Today the Gallup Poll puts out its annual poll on labor unions. Alas, unions have suffered a sharp drop in popularity in the past year.
A year ago Gallup asked "do you approve or disapprove of labor unions," and 59 percent of Americans said they approved. Now, only 48 percent approve.
The 48% of Americans now approving of unions represents the first sub-50% approval since Gallup first asked the question in the 1930s. The previous low was 55%, found in both 1979 and 1981.
When unions emerged in the 19th century they were spontaneous groupings of working people joining together to generate genuine collective benefits. They flourished most often during inflationary periods when wages were declining. Apart from bargaining over wages, unions offered their members significant benefits such as health care and death payments. They were similar to the fraternal associations that also provided mutual aid to their members.
But then unions got involved in politics and they started supporting the welfare state. So unionism became a political movement rather than a social movement. Of course, if the government provides benefits, who needs the unions.
Today labor unions are the major prop supporting the Democratic Party. Their agenda is a political agenda, trying to game the system through changing the law on labor union certification, and providing "astroturf" to support the Obama administration's legislative agenda.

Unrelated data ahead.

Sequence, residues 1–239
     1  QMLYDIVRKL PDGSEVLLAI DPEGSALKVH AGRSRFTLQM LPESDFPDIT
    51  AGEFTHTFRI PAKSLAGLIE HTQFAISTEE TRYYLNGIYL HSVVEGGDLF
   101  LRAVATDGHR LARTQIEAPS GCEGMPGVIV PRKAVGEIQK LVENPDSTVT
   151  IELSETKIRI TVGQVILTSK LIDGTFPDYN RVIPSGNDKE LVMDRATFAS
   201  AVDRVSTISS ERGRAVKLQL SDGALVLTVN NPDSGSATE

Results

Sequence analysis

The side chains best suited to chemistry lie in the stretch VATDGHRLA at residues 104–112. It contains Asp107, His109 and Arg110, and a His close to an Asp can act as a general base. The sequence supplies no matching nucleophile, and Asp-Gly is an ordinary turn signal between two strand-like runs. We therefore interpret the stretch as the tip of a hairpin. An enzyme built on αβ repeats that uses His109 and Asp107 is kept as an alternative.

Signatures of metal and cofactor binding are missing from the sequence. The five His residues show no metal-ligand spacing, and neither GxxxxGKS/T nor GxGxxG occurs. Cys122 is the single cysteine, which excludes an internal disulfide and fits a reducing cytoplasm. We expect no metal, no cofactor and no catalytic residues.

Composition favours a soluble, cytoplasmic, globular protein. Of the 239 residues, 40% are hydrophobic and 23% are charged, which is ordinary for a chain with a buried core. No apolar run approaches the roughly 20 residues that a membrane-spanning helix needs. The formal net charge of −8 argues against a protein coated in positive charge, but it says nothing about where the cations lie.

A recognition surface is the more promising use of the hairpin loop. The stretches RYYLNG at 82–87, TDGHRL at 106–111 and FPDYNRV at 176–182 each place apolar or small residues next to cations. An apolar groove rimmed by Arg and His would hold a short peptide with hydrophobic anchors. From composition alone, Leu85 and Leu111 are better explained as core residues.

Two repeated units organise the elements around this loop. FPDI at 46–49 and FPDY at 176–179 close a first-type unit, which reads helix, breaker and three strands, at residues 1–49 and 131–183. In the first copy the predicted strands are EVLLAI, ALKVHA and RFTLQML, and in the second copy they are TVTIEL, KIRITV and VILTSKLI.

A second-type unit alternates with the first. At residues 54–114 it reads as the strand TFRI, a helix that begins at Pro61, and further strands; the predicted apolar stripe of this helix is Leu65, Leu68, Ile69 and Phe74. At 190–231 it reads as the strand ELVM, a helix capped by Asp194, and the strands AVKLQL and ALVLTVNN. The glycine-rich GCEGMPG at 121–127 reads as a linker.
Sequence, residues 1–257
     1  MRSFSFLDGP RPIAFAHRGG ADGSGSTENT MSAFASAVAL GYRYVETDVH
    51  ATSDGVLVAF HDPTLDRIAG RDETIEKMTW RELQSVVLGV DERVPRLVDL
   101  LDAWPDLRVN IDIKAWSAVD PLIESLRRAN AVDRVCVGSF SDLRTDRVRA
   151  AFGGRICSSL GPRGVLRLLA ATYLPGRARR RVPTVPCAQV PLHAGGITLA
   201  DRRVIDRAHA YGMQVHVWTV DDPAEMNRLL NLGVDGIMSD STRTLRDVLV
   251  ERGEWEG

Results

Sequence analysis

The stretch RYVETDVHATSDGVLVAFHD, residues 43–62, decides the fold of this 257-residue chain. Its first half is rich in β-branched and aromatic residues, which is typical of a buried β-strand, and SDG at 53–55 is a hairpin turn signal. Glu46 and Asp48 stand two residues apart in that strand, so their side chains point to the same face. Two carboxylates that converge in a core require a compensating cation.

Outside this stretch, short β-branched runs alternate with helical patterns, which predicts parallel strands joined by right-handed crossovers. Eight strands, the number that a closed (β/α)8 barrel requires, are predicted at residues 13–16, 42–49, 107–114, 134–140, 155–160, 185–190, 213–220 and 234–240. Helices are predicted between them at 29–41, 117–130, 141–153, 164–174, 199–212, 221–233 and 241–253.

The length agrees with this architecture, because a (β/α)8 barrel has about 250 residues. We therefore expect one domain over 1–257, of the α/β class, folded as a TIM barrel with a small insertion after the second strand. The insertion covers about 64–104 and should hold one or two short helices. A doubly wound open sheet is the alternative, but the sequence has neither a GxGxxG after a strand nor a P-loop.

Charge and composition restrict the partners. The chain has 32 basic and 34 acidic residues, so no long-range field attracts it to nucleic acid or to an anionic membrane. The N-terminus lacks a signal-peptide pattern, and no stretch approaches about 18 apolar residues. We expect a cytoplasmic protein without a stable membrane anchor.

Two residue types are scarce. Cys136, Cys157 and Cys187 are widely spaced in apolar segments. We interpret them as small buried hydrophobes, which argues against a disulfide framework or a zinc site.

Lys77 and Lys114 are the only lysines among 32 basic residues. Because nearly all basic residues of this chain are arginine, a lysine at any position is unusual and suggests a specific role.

And, of course, the Obama administration has done a lot to help labor unions, most notably in the bailout of the auto companies, General Motors and Chrysler, that died in part because of union power.
All social institutions have their day, and inevitably decline. When workers get more prosperous and confident of their ability to compete in the job market, they get less inclined to want the protection, the solidarity, of a labor union. Then they only need them as a lobbying force, as in government worker unions.
But still the romance of labor continues, and we celebrate Labor Day each year,
We humans have other nostalgic notions, like the notion of the family farm. That notion costs us a bundle, too.